SSDI provides payments to workers who have made contributions to the Social Security trust fund through Social Security tax on their earnings.  You must have worked long enough and recently enough to qualify.  The law requires you to earn a certain number or work credits in a specific time being you are eligible for benefits.  You can earn up to 4 credits in a year and the amount of earnings required for a credit increases each year as general wage levels rise.  In 2019, you must earn $1,360 in covered earnings to get one Social Security or Medicare work credit and $5,440 to get the maximum four credits for the year.

The number of work credits needed for disability benefits depends on your age when you become disabled.  Most people need at least 20 credits earned over ten years, ending with the year they become disabled.  However, younger workers may qualify with fewer credits.  Essentially you count backwards from the year you alleged you became disabled in order to see if you’re eligible.  Credits earned from many years in the past ultimately expire which can lead to situations where people who haven’t worked for many years before becoming disabled are not eligible.  The date in which you lose your eligibility is called the date last insured or DLI.  You can find out how many credits you have by contacting your local SSA office or searching on its website.

The SSI program provides payments to an adult or child who is disabled and has limited income and resources.  If your income and resources are too high, then you will not be eligible for SSI benefits no matter how Disabled you might be.  To qualify for SSI, your monthly income cannot exceed something called the federal benefit rate (FBR).  The FBR for a married couple is approximately 33% more than for an individual.  The FBR is set my law and increases annually as dictated by cost-of-living adjustments (COLA).  In general, in 2019, the eligibility limit is $771 per month for an individual and $1,157 per month for a couple.  The SSA does not count the following income and benefits when calculating your income level: $20 per month of most income; $65 per month of wages and one-half of wages over $65; food stamps; and some types of home energy/housing assistance.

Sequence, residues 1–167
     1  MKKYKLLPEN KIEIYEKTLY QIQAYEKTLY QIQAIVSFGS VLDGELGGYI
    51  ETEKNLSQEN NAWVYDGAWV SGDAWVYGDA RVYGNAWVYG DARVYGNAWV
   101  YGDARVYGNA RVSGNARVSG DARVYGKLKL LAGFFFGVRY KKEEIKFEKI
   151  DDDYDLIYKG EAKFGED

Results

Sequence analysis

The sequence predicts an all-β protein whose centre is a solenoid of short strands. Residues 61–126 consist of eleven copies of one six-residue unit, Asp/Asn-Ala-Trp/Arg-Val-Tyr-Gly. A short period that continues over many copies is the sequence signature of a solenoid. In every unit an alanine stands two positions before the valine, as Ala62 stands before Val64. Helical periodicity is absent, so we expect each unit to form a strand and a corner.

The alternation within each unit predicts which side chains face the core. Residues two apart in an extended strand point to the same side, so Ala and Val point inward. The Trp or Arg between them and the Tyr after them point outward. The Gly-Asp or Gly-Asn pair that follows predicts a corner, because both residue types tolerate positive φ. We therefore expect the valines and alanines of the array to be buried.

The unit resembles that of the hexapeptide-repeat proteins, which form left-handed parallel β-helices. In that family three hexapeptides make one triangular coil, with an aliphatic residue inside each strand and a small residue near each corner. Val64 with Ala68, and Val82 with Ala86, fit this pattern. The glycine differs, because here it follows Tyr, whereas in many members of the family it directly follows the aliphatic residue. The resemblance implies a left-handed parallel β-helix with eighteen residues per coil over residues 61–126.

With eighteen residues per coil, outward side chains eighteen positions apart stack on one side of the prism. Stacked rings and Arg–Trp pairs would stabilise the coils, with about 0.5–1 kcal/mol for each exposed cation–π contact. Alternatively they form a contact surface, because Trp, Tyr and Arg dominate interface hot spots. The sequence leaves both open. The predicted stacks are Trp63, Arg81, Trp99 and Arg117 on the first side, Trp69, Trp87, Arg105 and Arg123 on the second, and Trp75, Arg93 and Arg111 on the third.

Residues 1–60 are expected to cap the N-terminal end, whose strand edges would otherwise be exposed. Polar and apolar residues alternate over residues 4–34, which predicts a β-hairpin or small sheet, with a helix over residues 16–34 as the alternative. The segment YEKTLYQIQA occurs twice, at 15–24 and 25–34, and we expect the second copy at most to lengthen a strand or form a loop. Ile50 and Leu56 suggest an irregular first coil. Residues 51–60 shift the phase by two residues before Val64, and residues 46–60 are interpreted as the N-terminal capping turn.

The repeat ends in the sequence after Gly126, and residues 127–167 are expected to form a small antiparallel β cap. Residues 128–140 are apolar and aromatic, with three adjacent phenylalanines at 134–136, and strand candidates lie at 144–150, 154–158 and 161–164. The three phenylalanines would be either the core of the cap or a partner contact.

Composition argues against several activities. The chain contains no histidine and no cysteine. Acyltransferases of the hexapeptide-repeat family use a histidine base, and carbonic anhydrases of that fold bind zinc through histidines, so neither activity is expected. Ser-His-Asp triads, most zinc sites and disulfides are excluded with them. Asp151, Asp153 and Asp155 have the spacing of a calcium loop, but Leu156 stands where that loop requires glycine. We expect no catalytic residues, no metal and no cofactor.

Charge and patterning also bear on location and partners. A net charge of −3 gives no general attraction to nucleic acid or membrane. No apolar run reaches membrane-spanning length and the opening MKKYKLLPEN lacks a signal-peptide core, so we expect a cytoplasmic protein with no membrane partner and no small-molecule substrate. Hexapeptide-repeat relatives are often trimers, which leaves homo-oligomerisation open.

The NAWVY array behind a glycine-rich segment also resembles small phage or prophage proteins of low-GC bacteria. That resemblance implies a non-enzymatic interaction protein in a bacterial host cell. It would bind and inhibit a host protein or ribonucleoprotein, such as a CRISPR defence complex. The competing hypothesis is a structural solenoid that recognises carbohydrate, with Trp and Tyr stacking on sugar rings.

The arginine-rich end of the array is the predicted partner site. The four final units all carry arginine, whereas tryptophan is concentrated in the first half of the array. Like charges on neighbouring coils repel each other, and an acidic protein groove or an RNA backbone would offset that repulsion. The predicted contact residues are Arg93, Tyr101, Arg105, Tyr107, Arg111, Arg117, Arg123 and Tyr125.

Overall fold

In addition to income limits, your resources must also not exceed certain limits.  A resource is cash or another asset that can be converted to cash and used for support.  The resource limits are set by law and are $2000/single person and $3000/married couple.  The SSA will exclude certain resources with some of the more common exclusions being homes, wedding rings, necessary health aids like a motorized scooter, one automobile, various types of schooling assistance, life insurance up to $1500, and burial plots up to $1500.

This is a general guide as to whether you qualify for Social Security Disability under the 2 main programs.  There are other lesser known programs as well as other circumstances in which you may be eligible.  You can contact an attorney for more specific guidance or the SSA directly.

 

By

Matthew C. Garner